Midwives: The Unsung Heroes

Every day around the world there are many women that travel to remote villages, through crowded urban centres and across rivers to provide lifesaving care and support to mothers, children, and families – these women are called midwives.

On this year’s ‘International Day of the Midwife’ we say thank you to these unsung heroes. Thank you to all the incredible midwives for the amazing work you all do!

Our Mother and Baby Programme in MalawiUgandaZambia and Zimbabwe continues to show families easy ways of ensuring mothers and babies stay healthy.

St John volunteers not only make door-to-door visits to help families develop a birth plan, teach them about danger signs and provide advice on what to do in an emergency. They also make health referrals for individuals to visit a midwife at their local clinic or hospital. It is through these referrals that many women get to see a midwife for the first time during their pregnancies.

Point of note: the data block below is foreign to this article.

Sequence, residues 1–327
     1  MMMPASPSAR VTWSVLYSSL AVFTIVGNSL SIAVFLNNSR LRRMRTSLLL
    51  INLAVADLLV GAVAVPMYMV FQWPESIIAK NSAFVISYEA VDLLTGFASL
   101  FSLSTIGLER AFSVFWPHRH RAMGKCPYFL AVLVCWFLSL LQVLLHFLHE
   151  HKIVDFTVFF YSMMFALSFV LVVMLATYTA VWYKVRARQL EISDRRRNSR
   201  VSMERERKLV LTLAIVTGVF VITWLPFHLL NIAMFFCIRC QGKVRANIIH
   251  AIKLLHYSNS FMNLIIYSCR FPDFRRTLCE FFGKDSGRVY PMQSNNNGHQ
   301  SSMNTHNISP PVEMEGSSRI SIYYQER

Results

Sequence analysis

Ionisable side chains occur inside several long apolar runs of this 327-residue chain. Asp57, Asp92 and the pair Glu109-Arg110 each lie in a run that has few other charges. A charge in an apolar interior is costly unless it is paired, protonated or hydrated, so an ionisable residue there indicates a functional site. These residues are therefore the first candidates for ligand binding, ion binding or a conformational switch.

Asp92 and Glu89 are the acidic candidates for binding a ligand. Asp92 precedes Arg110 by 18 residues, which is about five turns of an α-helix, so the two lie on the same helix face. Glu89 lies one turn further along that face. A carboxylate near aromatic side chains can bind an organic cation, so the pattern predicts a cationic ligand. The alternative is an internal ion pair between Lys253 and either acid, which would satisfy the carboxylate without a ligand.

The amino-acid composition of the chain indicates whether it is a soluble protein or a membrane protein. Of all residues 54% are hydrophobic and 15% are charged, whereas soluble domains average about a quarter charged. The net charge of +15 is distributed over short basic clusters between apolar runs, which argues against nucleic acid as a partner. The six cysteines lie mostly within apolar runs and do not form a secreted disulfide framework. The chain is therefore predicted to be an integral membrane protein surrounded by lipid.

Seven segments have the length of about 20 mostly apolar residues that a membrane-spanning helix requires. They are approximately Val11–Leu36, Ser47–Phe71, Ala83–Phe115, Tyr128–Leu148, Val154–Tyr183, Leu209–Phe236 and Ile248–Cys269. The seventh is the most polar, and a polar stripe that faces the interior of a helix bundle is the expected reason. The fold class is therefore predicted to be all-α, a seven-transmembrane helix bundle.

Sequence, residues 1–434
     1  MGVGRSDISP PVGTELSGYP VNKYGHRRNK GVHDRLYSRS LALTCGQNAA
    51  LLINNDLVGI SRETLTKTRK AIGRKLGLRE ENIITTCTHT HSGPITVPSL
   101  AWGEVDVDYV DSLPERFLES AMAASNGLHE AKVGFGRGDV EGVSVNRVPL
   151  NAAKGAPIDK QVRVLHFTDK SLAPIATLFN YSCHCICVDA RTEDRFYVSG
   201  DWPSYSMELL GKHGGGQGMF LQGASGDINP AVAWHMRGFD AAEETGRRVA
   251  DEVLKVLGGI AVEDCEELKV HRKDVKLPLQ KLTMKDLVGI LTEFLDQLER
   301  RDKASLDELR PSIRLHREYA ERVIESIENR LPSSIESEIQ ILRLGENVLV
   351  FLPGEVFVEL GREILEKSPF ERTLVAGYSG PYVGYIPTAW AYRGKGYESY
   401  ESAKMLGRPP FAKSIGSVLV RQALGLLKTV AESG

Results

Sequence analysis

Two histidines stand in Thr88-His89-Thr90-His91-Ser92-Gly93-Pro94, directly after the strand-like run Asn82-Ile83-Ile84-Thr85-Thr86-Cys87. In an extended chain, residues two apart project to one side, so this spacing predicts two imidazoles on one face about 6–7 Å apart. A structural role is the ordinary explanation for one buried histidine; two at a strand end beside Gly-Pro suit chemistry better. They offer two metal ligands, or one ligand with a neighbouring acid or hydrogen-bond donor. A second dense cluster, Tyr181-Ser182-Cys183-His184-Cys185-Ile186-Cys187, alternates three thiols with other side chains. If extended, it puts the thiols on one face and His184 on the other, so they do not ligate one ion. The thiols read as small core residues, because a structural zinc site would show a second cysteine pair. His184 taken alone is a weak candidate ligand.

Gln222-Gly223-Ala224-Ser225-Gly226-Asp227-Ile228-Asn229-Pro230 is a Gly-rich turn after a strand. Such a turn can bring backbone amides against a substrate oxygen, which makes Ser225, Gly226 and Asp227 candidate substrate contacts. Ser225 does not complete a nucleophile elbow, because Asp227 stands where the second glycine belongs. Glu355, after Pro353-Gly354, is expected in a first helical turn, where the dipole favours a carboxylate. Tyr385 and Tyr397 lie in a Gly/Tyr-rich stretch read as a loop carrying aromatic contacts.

Charity, is a midwife at the Kayosha Maternity Clinic, in Zambia, where many mothers from the Mother and Baby Programme are referred to.

Working as a midwife, is not only a job to me but a calling in life.

Charity Moonga


The mother of two lives in Zambia and has worked as a midwife for 32 years. She travels 5 hours to work to take care of up to 60 women a day at the maternity clinic.

Working as a midwife is like a roller coaster ride. It can be exciting, rewarding, demanding and draining all at once. As a midwife, you can experience several highs and several lows in one day as you attend to successful pregnancies and deliveries and also deal with those that do not end on such a happy note. It’s all in a day’s work for a midwife.

We at St John, send a big thank you to all the amazing midwives around the world for their daily commitment which helps to make the world a safer and healthier place for mothers and babies.